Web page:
Beginning in the 1960s, a remarkable body of choreomusical analytic research into baroque dance stands out, stemming from university music departments. Originally, it was strongly allied to the early music movement. There has been a major increase in this activity since the millennium. From a choreomusical point of view, another outstanding feature is the cluster of scholars who have researched the work of composers for dance Tchaikovsky and Stravinsky and the choreography of George Balanchine and Mark Morris. Both choreographers are well known as musicians and fluent readers of musical scores. Notably, too, those undertaking choreomusical analytic research (the most by far from North America) have had formal training in music theory and practice, as well as a certain amount of technical insider dance experience along the way (for instance, attending dance classes or providing musical accompaniment for them). That is the case, indeed, within this issue of JMT.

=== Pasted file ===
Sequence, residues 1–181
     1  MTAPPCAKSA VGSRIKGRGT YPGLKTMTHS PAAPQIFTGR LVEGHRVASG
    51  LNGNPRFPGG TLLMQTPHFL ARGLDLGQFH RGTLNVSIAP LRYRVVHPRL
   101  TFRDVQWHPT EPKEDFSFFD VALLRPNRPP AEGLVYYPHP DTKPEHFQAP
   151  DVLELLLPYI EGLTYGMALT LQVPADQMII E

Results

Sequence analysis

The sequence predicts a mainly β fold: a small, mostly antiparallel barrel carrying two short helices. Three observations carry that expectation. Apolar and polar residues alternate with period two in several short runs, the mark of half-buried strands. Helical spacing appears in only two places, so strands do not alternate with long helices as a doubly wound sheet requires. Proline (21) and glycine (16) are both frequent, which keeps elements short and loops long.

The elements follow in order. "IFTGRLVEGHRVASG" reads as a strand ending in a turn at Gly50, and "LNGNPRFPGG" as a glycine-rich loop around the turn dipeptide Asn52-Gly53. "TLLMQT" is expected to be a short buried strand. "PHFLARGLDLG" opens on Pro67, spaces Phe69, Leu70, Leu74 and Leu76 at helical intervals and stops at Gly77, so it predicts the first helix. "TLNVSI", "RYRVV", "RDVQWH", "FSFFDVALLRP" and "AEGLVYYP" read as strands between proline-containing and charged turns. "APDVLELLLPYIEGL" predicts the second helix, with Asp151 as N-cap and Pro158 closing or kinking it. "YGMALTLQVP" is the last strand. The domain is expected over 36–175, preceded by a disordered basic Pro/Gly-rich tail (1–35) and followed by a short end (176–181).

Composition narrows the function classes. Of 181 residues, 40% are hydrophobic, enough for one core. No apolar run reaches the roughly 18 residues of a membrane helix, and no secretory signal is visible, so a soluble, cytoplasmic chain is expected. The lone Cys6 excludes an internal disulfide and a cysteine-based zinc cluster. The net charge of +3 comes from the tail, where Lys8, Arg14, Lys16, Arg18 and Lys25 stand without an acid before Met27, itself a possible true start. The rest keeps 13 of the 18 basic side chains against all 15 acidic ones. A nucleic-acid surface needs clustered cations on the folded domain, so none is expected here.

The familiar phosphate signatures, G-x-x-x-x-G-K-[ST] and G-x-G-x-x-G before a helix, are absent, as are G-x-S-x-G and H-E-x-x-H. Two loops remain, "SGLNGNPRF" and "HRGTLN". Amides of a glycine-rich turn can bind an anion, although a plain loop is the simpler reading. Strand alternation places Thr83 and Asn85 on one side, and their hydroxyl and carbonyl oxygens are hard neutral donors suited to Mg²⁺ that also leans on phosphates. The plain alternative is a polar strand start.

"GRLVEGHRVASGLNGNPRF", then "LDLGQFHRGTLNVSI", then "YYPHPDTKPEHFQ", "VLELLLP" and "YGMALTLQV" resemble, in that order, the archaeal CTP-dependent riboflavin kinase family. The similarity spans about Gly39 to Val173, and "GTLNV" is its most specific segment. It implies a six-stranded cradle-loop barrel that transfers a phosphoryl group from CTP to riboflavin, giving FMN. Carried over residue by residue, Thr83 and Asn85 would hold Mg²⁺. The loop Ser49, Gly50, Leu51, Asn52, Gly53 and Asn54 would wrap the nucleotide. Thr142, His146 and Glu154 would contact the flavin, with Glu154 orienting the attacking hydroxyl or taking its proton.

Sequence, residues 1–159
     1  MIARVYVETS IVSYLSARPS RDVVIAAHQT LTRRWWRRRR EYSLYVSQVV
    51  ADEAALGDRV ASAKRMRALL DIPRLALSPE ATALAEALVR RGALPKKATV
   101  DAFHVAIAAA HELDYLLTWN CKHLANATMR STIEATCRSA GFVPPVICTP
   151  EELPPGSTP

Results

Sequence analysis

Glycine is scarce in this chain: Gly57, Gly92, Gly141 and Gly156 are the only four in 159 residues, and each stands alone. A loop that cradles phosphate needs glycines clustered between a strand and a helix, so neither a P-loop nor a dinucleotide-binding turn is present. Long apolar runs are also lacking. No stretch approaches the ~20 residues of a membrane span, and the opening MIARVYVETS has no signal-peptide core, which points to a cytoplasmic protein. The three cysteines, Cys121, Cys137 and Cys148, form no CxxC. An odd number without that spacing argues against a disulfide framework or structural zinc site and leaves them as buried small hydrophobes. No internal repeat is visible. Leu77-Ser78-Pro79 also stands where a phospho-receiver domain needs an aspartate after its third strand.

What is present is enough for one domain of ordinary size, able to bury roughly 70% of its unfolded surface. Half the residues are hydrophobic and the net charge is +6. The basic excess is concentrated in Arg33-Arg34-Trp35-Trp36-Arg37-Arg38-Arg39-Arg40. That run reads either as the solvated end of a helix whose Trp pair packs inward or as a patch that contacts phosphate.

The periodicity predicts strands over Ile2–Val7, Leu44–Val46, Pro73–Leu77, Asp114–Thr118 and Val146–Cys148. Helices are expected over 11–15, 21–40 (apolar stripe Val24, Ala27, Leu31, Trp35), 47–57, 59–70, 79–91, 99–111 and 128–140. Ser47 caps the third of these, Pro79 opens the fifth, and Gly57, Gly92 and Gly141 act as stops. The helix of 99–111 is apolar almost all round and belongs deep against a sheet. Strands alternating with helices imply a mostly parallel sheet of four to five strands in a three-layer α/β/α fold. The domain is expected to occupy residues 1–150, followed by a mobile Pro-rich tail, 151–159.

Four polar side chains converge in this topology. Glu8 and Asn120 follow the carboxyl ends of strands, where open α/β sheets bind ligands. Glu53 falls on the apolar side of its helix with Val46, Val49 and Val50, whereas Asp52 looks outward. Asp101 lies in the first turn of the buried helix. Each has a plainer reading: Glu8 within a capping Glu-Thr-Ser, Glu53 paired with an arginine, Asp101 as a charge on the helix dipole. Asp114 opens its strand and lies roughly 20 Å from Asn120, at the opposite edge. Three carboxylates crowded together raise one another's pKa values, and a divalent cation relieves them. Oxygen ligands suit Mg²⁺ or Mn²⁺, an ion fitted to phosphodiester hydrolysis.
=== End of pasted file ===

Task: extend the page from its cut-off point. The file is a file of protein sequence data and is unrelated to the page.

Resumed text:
Another topic crossing the issue is rhythm. In this regard, a few points covering basic principles may provide a useful background to the articles that follow. Rhythm is the most “natural” feature linking dance with music, supported by current theories from science about our capacity to “hear” visual rhythms and evidence that we tend to hear in the mind's ear rhythms that synchronize with visual changes (Guttman, Gilroy, and Blake 2005). Yet there are problems with terminology here on both sides, as Richard Cohn elaborates in his contribution to this issue. Terms that exist for both media are known to be confusing and problematic for communication between dancers and musicians (and, correspondingly, between dance and music scholars). For instance, counts in dance are often used as a tool for learning choreography, and often occupy more than one beat, sometimes a whole measure, while beats counted within measures are used in music more frequently and only occasionally are shared as dance counts (McMains and Thomas 2013; Smith 2005). Physical limitations determine that, in a given period of time, the maximum number of possible events (individual moves or notes/chords, constituting basic durations in each medium) is smaller in dance than in music: dancers characteristically measure time more slowly than musicians do. Yet there is often a very precise, and analytically useful, link between the two systems, in that dance counts (which are often marked in dance scores alongside bar lines and musical time signatures) often span multiple notated measures (e.g., four dance counts might cover a four-bar span). Another term that is potentially misleading is gesture, a hallmark concept in today's music theory, referring to a cluster of notes of varying lengths and complexity, whereas dancers would be much more likely to restrict its use to the single movement of an arm or hand. As for the term phrase, whereas it has often been associated with cadence points in tonal music, it has been used so extensively in dance that it has become virtually meaningless.